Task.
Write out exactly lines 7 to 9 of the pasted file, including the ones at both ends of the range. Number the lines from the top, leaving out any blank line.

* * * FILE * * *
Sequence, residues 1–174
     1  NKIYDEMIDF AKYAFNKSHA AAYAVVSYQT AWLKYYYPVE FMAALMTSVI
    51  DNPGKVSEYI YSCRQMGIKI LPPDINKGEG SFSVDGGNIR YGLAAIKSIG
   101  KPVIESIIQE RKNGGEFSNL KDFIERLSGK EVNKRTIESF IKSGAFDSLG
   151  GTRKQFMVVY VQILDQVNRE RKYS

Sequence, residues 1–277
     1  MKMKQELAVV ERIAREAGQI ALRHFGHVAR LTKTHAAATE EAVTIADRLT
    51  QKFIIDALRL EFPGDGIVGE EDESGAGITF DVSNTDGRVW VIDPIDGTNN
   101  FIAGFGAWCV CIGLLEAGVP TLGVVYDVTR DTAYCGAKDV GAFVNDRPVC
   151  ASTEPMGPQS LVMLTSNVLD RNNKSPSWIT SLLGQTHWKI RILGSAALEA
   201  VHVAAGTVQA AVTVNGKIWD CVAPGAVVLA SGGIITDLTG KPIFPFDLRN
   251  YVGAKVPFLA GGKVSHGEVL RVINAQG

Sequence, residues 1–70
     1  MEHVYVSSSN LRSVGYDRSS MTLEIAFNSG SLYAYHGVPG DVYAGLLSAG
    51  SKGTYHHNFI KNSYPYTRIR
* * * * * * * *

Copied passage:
     1  MKMKQELAVV ERIAREAGQI ALRHFGHVAR LTKTHAAATE EAVTIADRLT
    51  QKFIIDALRL EFPGDGIVGE EDESGAGITF DVSNTDGRVW VIDPIDGTNN
   101  FIAGFGAWCV CIGLLEAGVP TLGVVYDVTR DTAYCGAKDV GAFVNDRPVC